I don’t usually do a lot of gushing in this blog (unless, of course, I’m talking about my kids). But I’ve spent the past 3 three days in Washington, DC at the mHealth Summit learning a ton about how mobile technology is being used in healthcare, and I was amazed by something new (usually more than one something) every day.
One of the most interesting challenges for medical providers is how to ensure “adherence”–how can you get patients to fill their prescriptions and take their medication, do their physical therapy, check in with their provider, and so on. As you can imagine, with certain conditions, not adhering to the provider’s instructions can have some serious and possibly deadly consequences. So the goal of all this stuff is to increase patients’ access to information, improve patient outcomes, and reduce costs.
There is some absolutely amazing stuff here. On the most basic level, there are apps that remind people when to take their medication or to encourage them to get up and get some exercise. And of course there are quite a few variations on the pedometer that monitor exercise time, intensity, pulse, breathing, and so on. There are also apps that allow doctors to remotely monitor their patients and send text messages with tips and advice (especially young mothers), and others that keep patients in contact with their providers. There are apps for seniors with mild Alzheimer’s and shut-ins to keep them mentally engaged. There are apps that tell people with chronic conditions which restaurants have food that is okay for them to eat. And some of my favorites are the ones for kids and teens that connect them with a social network of others their age who have the same medical issues. Kids with chronic conditions like diabetes don’t pay as much attention to their providers or their parents who tell them they need to take their medication. But they will listen to other diabetic kids.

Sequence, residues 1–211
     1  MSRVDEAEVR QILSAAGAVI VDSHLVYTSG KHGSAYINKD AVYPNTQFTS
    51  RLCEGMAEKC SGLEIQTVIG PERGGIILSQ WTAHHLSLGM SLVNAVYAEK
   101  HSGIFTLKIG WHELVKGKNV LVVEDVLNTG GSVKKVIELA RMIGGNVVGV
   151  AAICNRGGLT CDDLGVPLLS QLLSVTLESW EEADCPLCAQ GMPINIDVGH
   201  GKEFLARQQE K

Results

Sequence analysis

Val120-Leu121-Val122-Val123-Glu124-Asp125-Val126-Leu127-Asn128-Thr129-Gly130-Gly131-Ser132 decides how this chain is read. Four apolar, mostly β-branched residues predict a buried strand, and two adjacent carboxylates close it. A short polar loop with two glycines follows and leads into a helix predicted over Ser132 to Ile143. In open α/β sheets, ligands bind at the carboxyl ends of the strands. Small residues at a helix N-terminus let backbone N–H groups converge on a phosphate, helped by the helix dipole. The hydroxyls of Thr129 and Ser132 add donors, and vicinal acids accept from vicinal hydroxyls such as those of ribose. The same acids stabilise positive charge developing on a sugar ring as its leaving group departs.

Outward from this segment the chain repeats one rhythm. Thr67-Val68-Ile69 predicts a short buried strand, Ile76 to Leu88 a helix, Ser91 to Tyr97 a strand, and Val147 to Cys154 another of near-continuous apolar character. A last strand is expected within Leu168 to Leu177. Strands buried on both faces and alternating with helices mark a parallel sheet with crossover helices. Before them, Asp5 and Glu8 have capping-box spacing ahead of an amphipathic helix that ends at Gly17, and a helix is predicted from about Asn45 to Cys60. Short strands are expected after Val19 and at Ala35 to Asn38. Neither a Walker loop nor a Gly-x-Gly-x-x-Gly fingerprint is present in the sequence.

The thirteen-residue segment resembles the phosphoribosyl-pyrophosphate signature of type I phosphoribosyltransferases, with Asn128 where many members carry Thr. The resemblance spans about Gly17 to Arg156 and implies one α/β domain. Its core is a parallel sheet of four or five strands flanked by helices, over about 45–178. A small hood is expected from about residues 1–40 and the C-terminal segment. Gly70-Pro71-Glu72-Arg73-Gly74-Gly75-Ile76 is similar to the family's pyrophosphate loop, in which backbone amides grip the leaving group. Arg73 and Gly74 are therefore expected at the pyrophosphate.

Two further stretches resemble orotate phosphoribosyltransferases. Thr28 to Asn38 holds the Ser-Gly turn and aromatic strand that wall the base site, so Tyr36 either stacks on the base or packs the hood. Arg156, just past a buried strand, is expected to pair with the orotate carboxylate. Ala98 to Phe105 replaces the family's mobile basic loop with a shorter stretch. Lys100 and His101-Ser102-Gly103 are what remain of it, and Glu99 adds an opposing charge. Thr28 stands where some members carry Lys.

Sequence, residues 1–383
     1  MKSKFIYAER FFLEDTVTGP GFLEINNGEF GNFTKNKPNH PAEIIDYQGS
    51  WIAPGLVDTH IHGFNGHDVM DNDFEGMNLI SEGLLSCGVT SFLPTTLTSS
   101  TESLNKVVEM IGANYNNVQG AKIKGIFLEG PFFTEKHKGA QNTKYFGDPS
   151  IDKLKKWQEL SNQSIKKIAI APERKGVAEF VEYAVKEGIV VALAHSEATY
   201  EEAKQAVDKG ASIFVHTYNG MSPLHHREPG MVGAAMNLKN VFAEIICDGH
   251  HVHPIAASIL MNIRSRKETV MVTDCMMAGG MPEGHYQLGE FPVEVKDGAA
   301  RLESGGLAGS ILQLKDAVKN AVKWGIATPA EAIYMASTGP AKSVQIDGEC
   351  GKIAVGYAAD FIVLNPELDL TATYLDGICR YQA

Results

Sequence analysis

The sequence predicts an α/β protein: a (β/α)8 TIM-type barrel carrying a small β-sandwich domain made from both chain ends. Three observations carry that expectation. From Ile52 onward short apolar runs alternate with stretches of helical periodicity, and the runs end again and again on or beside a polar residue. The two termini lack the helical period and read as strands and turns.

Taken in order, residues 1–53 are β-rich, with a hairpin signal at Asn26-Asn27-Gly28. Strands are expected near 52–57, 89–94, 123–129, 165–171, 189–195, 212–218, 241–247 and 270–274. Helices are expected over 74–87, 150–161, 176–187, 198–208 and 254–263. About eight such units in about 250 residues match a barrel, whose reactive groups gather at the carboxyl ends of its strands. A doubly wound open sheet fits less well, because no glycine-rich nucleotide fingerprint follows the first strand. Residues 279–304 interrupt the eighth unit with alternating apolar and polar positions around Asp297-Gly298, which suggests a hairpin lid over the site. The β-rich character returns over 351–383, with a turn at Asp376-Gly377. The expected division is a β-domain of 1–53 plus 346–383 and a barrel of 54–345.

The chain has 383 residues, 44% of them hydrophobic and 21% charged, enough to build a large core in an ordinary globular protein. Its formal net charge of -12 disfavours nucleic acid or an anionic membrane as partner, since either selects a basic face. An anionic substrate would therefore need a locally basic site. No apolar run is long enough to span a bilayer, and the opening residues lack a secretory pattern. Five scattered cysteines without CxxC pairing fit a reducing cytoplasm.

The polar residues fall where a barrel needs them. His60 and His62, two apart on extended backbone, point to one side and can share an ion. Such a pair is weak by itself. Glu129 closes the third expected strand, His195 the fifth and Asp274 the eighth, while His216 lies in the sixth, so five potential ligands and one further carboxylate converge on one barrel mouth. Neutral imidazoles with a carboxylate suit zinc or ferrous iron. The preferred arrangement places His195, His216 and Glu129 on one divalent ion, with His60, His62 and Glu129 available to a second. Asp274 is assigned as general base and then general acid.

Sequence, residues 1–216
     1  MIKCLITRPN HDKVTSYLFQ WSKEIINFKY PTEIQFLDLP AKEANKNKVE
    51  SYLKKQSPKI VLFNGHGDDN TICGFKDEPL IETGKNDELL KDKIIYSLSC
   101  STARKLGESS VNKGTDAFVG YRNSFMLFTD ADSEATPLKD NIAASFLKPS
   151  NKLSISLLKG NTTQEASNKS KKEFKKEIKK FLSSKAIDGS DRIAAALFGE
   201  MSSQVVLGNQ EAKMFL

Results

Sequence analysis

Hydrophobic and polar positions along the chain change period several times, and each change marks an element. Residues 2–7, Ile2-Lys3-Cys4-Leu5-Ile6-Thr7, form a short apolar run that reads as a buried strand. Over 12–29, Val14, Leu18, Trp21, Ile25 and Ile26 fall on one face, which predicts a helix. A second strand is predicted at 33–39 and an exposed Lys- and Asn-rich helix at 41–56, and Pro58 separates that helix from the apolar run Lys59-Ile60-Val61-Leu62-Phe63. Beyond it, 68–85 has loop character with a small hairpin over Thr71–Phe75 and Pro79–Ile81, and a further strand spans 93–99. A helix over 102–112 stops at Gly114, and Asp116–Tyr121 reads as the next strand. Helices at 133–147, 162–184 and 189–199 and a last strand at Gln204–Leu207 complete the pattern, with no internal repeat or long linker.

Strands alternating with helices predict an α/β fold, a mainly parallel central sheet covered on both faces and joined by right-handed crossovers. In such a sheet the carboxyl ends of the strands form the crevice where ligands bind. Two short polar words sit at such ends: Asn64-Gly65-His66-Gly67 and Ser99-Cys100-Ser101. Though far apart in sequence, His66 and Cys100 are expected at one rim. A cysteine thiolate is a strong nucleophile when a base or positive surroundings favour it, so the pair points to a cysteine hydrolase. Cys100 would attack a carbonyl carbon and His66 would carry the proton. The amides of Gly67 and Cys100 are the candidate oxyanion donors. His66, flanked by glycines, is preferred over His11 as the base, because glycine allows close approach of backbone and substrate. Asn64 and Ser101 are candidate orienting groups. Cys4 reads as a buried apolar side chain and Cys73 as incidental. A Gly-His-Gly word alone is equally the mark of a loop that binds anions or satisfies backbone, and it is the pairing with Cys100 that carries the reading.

My main focus, though, was on technology and aging. Pfizer invited me to host a series of short on-camera interviews to talk about the types of technology that exist and how they’re being used across the lifespan (“aging” doesn’t necessarily mean “senior citizens”–we’re all aging, right?). And while Pfizer sponsored my trip, my opinions are 100% my own.
Between the keynotes, the panel discussions, the exhibitors, and the interviews I did, I learned a ton. The videos will be going up on Pfizer’s YouTube channel and will also appear on getold.com within the next week or so. Stay tuned…
In the meantime,you’ll definitely want to read their new white paper: “Using Mobile Technologies to Advance Healthy Aging” or go to: http://www.mhealthalliance.org/images/content/mhealth-and-aging-report.pdf